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Book House Gets New Home in Maplewood, Demolition Likely for Historic Rock Hill Site

michelle barron fp.jpg
Jennifer Silverberg for RFT
Michelle Barron at the Book House.
The Book House has found a new home -- but the historic property the business is leaving behind in Rock Hill is likely to face demolition.

"It breaks my heart to see that building go down," Book House owner Michelle Barron tells Daily RFT. "That whole house has been more of a home to me than any other place I've been. I'm really sad to leave it."

But there's good news. Barron, a tenant in Rock Hill for decades who first learned of her eviction this spring, signed a lease yesterday on a new property in Maplewood, which means the Book House will stay alive.

See also:
- Book House: Will Developers Demolish Historic Rock Hill Site For Storage Facility?
- Book House: Shop in Historic House Gets Eviction Notice, Storage Site in the Works
- Archive Bookstore: Independent Shop Will Likely Shut Down, Owner "Heartbroken"

"It's going to be amazing," she says of the shop's future home at 7352 Manchester Road in downtown Maplewood. "It'll take a lot of work to get it all up and ready, but when it's all open, it'll blow you away."

She adds, "The location cannot be better."

the book house image 1.jpg
via
The Book House.

The saga of the Book House's relocation first began in April when word spread that an out-of-state developer was looking to buy the Rock Hill two-story gothic-revival house that dates back to 1853. The historic site, on 9719 Manchester Road, made it on the Missouri Alliance for Historic Preservation's annual list of most endangered properties in the state, and for good reason.

The development company recently submitted formal plans to Rock Hill officials to tear down the building and construct an "EZ Storage" facility in its place. Most recently, Barron -- who first got an eviction notice in May -- has been disputing with her Rock Hill landlord Rex Stahl, but she was able to get an extension on her lease through September.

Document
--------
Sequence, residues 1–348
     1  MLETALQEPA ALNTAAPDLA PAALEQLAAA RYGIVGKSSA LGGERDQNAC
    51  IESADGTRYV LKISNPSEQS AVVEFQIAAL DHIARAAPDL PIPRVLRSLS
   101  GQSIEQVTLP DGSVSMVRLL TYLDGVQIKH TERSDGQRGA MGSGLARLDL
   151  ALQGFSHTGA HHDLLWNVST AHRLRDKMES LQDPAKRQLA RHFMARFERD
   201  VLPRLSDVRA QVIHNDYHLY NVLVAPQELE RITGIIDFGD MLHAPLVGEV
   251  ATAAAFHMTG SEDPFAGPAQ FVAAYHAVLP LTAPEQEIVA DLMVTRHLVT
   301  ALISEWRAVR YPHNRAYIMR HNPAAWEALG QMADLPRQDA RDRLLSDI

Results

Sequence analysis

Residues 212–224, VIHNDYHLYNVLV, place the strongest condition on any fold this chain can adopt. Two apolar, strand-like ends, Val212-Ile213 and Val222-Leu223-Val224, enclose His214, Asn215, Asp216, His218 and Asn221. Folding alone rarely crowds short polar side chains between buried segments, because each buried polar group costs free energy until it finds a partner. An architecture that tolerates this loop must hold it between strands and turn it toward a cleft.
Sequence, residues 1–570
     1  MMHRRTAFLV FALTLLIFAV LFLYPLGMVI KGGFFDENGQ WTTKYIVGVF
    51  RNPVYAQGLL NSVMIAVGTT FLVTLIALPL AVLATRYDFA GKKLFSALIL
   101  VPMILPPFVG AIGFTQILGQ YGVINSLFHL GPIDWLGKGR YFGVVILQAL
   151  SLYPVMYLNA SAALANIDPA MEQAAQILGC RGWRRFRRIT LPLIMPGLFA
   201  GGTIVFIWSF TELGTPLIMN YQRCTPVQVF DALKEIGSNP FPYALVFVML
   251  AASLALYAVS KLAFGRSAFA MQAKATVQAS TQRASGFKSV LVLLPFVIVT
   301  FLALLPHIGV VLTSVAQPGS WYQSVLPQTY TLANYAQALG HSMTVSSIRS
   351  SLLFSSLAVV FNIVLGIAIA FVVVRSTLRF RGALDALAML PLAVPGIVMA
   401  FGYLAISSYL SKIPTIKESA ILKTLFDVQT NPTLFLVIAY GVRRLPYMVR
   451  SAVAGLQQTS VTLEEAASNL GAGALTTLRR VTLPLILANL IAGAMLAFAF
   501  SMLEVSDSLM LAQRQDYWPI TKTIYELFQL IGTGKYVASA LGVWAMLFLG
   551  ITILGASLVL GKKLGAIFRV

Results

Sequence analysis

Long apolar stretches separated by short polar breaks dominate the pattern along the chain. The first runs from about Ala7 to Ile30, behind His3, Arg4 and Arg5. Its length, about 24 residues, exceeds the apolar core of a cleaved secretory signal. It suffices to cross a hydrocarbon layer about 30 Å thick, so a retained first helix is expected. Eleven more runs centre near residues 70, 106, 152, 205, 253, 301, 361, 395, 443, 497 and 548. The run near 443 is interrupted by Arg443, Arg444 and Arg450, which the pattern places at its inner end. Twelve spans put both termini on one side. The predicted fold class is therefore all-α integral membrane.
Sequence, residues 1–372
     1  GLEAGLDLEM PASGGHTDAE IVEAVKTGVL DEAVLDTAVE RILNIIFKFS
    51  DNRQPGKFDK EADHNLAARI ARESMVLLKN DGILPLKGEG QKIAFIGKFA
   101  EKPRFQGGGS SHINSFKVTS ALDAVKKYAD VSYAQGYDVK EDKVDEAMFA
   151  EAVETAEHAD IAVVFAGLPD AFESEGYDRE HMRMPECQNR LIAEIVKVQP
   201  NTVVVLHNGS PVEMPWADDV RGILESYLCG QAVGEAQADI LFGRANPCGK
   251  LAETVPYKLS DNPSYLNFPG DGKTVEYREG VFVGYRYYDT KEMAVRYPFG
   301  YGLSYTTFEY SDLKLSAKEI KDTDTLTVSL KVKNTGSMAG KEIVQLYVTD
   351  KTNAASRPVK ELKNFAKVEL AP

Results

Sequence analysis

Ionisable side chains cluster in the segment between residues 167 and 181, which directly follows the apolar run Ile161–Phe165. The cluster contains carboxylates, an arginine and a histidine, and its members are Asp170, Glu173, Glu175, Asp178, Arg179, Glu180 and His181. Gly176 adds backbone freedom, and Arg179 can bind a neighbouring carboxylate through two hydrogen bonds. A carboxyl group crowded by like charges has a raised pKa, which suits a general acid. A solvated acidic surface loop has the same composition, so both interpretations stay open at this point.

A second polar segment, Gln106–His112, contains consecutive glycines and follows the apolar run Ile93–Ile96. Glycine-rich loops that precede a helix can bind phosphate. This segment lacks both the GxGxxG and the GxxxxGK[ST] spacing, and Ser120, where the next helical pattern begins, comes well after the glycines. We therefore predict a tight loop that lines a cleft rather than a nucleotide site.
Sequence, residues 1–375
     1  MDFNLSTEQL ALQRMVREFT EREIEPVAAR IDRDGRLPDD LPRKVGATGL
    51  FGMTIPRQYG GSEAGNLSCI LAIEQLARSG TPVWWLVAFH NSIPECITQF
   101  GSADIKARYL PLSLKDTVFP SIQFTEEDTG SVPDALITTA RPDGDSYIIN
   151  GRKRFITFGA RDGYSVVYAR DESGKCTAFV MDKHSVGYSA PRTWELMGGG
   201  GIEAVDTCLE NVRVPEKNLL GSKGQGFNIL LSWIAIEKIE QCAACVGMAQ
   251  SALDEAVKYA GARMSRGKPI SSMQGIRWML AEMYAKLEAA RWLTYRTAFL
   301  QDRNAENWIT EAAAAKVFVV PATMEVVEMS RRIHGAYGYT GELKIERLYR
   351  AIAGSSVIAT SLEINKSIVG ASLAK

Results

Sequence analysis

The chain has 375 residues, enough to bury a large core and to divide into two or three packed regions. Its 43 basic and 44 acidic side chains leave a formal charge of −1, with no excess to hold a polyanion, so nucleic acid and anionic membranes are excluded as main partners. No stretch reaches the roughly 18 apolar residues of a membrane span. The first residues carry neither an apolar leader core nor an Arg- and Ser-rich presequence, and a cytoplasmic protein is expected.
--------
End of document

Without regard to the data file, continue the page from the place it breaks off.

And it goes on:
maplewood-book-house-location.jpg
via Google Maps
Block in Maplewood where Book House will relocate.

Now, she hopes to operate a clearance sale while simultaneously moving to the new site in Maplewood.

"I really think we'll be an asset for the neighborhood," she says. "Everybody is saying how much they can't wait for us to move in. Even when we were there putting signs up in the window, twenty people were stopping by. So many people are excited about us coming to Maplewood."

ez storage image.jpg
via Google Maps
An EZ Storage facility like this could replace the Book House.

The Book House will launch an online fundraising campaign this week or next, she says, noting that it will be around $40,000 to $60,000 to move and set up the new location. She hopes to open up the Maplewood site in the fall and have the store in full swing by the holidays.

It's bittersweet, she says, noting that she even lived full-time in the Rock Hill property for about five years.

"It saved my life," says Barron.

Send feedback and tips to the author. Follow Sam Levin on Twitter at @SamTLevin.


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3 comments
Margaret Keller
Margaret Keller

So they are tearing down the 1853-filled with books-historic house that oozes charm and replacing it with a sterile EZ storage facility so more people can store the crap they never use anyway. If that's not a metaphor for the modern America, I don't know what is.

David J. McCutcheon
David J. McCutcheon

Sad to see the building go. I will have to stop in again before it gets taken down for a friggin' storage facility, of all things.

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